In your search for a professional moving company, it's important to be aware of the pitfalls to avoid. Ask yourself: What kinds of people would I trust to hold all of my possessions?
They should be honest, respectful, and dependable people.
Sadly, these qualities are not guaranteed in every company you are exposed to. Dishonest rogue movers change names frequently. Even movers with well known franchises have recently made national headlines for their unethical business practices (including fraud, theft, and extortion).
There are trustworthy movers out there, but you need to ask questions to be sure you've found one that you can trust with your possessions.
Reputation is the most important factor when it comes to choosing a moving company. Gather testimonials from people that have used them. Try asking your real estate agent, or apartment manager if they've had experience with the companies in question. The Better Business Bureau also has a large database of companies with outstanding complaints. If the company you're researching has a history of poor ethics, the BBB will be the easiest way to learn of it.
We recommend getting at least 3, if not 4 different quotes for your moving day. This will let you compare your estimates. If one quote is really low, or really high, it will be an immediate red flag.
The Internet can be a reAourceful tool for information. A quick search might bring us dozens of offers from different sources, but always be aware of who you're dealing with. Do they run their own trucks? Ask to see their storage facilities. What sort of people do they hire? Some moving companies advertising online are simply brokers, passing your job to another local moving company. If so, find out who they're working with, and whether you can trust them yourself.
Here in BC, if the moving business you hire is not registered or is not making its payments to WorkSafeBC, you could be liable for insurance premiums owing in connection with your move. The same applies with Workers Compensation Boards in other provinces. Before hiring anyone, be sure that their workers are fully covered for workplace injury.
Even the best movers will drop something from time to time. It's the nature of the business. A good mover, however, will be there to help you recoup the loss. Does the company you're considering have insurance? With whom? What is covered? Who do you talk to in the case of a claim? How long does the process take? What paperwork is involved? A mover without the proper insurance will have a tough time answering questions of this kind.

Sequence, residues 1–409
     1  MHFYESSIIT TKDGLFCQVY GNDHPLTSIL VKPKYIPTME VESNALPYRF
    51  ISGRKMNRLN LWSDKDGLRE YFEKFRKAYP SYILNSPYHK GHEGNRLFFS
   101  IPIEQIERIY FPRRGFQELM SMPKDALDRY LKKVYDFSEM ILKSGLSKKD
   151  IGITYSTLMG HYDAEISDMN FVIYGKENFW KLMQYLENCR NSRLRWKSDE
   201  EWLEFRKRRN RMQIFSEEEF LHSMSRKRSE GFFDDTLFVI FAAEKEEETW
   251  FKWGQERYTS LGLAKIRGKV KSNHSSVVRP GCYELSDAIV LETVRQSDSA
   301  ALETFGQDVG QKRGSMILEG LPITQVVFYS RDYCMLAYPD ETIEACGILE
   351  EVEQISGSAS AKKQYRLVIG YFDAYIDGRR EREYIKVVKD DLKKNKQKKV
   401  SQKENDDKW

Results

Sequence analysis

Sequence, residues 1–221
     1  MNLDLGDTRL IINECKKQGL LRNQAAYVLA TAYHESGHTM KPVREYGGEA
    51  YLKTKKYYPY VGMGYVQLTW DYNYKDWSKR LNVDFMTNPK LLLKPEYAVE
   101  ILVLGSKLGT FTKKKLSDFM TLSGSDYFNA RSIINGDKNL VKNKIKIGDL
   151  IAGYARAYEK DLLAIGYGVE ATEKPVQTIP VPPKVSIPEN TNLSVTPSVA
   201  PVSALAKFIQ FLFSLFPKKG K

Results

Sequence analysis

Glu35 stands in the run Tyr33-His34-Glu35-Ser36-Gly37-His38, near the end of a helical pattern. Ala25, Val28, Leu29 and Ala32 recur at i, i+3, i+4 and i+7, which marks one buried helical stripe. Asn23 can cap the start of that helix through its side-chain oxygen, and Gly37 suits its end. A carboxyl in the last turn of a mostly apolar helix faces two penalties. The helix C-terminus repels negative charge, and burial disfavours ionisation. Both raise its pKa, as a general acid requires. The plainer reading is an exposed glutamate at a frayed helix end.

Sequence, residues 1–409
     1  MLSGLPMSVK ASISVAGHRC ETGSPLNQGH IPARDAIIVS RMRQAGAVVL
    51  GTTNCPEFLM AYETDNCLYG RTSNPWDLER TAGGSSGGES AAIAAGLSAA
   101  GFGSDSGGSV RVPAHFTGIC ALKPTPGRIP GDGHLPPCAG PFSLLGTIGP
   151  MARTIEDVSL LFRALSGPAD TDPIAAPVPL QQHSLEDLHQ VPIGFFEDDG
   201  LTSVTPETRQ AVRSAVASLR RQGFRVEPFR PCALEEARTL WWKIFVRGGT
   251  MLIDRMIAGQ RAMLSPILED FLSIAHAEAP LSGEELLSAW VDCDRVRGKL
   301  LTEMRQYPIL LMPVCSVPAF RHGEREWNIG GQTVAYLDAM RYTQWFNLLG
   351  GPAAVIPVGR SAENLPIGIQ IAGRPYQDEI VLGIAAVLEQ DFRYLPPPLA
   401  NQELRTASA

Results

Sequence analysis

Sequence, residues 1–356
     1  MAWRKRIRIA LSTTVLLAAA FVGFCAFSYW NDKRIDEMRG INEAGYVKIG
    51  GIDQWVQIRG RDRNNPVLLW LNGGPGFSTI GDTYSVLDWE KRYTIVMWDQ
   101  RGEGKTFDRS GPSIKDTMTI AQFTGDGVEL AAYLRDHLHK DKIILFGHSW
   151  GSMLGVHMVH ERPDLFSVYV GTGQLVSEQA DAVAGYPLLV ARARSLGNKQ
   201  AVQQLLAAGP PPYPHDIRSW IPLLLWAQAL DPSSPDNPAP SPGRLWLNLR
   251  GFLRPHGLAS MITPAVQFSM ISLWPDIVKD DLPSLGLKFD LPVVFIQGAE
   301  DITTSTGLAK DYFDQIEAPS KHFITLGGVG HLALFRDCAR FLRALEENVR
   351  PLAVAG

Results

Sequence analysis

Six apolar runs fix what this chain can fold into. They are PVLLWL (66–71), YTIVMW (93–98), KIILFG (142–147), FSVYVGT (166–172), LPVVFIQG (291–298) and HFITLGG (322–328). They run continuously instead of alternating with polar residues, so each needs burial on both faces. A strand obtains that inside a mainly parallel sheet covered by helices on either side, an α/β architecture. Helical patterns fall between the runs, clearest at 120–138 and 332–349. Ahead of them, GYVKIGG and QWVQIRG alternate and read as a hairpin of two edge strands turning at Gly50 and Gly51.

It takes some work, but an organized account of your possessions will bring benefits beyond peace of mind. Inventory taken during the packing stage will allow you to know where your valuables are throughout the process. Good organization also helps movers work more efficiently, saving you money!
The best shield against a scam artist is a written contract that covers every detail of your move. Verbal agreements are useless and will not stand up in court, so insist on a contract and read it thoroughly. Look for packing fees, insurance charges, travel and fuel costs, labor fees, cost of materials, delicate cargo, locker rental, expected gratuity etc. If something is not in the contract, request that it be added before moving forward. Scan the fine print for any hidden charges not previously discussed, and never sign a contract in "good faith" that unresolved issues will be addressed.
A good deal can be tempting to pass up, but be on guard against any moving company that offers you a cash only offer. Keeping you out of the books, means there will be no record of your business transaction. Lost or stolen property as a result would be almost impossible to reclaim. Any merchant who tries to cheat on taxes owed is being dishonest from the start. Do not trust them with your valuables.
Although some reputable movers do require a deposit in order to finalize a booking, they should never require the full price up front. If a moving company does require a deposit, ask them what their policy is on refunds. Some will require one or two weeks notice of cancellation before a refund can be issued. Be aware of what to expect, and of course, be sure it's all written down in your contract.
Did you know that moving companies are not responsible for the loss or damage of any items of extraordinary value if they were not disclosed beforehand? Did you know that any loosely packed items damaged in transit are the responsibility, not of the one driving, but the one who packed? Each province has laid out rules regarding the carriage of household goods in their motor vehicle act. Educate yourself beforehand, and know your own responsibilities. This can save you a lot of heartache on moving day.